In France, according to the testimony of the famous printer Robert Stephens, who was born in 1503, the doctors of the Sorbonne, in the period when he was a young man, knew about the New Testament only from quotations from Jerome and the Decretals. He declared that he was more than 50 years old before he knew anything about the New Testament. Luther was a man before he saw a copy of the Latin Bible. In 1533, Geneva forbade its citizens to read the Bible in German or French and ordered all translations burnt.12471247    See Baird: Hist. of the Huguenots, I. 57; Lindsay: The Reformation, II. 80. The strict inquisition of books would have passed to all countries, if the hierarchy had had its way. In 1535, Francis I. closed the printing-presses and made it a capital offence in France to publish a religious book without authorization from the Sorbonne. The attitude of the Roman Catholic hierarchy, since the Reformation as well as during the Reformation, has been against the free circulation of the Bible. In the 19th century, one pope after another anathematized Bible societies. In Spain, Italy and South America, the punishments visited upon Bible colporteurs and the frequent burning of the Bible itself have been quite in the line of the decrees of Arundel and Bertholdt and the treatment of Bishop Tonstall. Nor will it be forgotten that, at the time Rome was made the capital of Italy in 1870, a papal law required that copies of the Bible found in the possession of visitors to the papal city be confiscated.

On the other hand, through the agency of the Reformers, the book was made known and offered freely to all classes. What use the Reformers hoped to make of printing for the dissemination of religion and intelligence is tersely and quaintly expressed by the martyrologist, Foxe, in these words:12481248    Book of Martyrs, V. 355.

Either the pope must abolish printing or he must seek a new world to reign over, for else, as the world stands, printing will abolish him. The pope and all the cardinals must understand this, that through the light of printing the world begins now to have eyes to see and heads to judge .... God hath opened the press to preach, whose voice the pope is never able to stop with all the puissance of the triple crown. By printing as by the gift of tongues and as by the singular organ of the Holy Ghost, the doctrine of the Gospel sounds to all nations and countries under heaven and what God reveals to one man, is dispersed to many and what is known to one nation is opened to all.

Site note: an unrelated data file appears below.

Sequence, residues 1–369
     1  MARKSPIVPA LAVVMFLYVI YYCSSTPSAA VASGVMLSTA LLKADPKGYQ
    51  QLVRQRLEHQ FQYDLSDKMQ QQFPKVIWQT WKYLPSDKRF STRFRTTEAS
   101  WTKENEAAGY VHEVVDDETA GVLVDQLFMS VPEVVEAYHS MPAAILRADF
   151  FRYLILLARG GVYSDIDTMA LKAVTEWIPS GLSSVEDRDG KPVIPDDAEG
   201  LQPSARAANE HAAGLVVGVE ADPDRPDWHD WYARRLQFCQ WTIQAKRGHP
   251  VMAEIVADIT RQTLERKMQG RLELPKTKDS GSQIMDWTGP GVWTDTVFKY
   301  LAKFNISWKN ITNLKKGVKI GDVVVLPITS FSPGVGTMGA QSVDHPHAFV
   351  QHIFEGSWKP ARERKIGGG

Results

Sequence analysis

Note: – Both Janssen and Abbot Gasquet spend much pains in the attempt to show that the mediaeval Church was not opposed to the circulation of the Bible in popular versions or the Latin Vulgate. The proofs they bring forward must be regarded as strained and insufficient. They ignore entirely the vast mass of testimony on the other side, as, for example, the testimony involved in the popular reception given to the German and English Scriptures when they appeared from the hands of the Reformers and the mass of testimony given by the Reformers on the subject. Gasquet endeavors to break the force of the argument drawn from Arundel’s edict, but he has nothing to say of the demand Wyclif made for the popular dissemination of the Bible, a demand which implied that the Bible was withheld from the people. Dr. Barry who belongs to the same school, in the Cambr. Mod. Hist., I. 640, speaks of "the enormous extent the Bible was read in the 15th century" and that it was not "till we come within sight of the Lutheran troubles that preachers, like Geiler of Kaisersberg, hint their doubts on the expediency of unrestrained Bible-reading in the vernacular." What is to be said of such an exaggeration in view of the fact that the vast majority of Bibles were in Latin, a language which the people could not read, that Geiler died in 1510, seven years before Luther ceased to be a pious Augustinian monk, and that he did very much more than hint doubts! He expressed himself unreservedly against Bible-reading. Janssen-Pastor,—I. 23 sqq., 72 sqq., VII. 535 sqq.—have a place for stray testimonies between 1480–1520 in favor of the popular reading of the Scriptures, but, go far as I can see, do not refer to the warnings of Brant, Geiler and others against their use by laymen, and the only reference they make to Bertholdt’s notorious decree is to the clause in which the archbishop emphasizes the divine art of printing, divina quaedam ars imprimendi, I. 15.